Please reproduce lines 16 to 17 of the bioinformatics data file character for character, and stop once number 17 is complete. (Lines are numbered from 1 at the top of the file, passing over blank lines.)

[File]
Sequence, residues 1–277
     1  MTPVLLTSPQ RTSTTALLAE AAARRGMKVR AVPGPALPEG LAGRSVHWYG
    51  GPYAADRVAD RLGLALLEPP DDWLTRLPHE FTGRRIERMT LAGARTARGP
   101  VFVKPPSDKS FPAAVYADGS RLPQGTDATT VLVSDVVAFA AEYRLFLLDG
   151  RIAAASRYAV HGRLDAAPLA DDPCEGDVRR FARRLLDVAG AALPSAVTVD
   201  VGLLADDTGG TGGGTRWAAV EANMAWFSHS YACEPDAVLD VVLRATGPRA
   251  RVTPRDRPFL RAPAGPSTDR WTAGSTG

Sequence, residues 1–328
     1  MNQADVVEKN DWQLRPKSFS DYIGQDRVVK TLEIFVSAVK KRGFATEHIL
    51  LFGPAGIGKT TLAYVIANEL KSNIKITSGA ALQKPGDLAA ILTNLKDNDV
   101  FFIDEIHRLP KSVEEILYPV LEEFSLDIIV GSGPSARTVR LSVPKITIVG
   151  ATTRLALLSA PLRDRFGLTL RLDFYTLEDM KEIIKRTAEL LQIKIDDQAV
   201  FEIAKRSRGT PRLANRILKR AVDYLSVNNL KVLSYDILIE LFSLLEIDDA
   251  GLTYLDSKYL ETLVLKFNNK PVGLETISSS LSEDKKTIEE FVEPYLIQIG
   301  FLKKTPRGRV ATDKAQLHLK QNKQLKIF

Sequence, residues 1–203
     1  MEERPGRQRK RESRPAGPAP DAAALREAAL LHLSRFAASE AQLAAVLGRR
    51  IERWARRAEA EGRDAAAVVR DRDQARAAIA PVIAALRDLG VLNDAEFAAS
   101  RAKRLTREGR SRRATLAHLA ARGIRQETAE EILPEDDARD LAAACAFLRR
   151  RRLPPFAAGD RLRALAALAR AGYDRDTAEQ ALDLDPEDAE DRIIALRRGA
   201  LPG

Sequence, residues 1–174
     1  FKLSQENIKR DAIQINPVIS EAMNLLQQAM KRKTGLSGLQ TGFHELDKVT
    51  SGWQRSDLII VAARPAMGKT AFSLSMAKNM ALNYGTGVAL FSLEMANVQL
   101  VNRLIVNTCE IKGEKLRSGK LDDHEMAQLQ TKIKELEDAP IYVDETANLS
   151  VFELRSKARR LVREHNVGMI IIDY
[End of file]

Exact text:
Sequence, residues 1–203
     1  MEERPGRQRK RESRPAGPAP DAAALREAAL LHLSRFAASE AQLAAVLGRR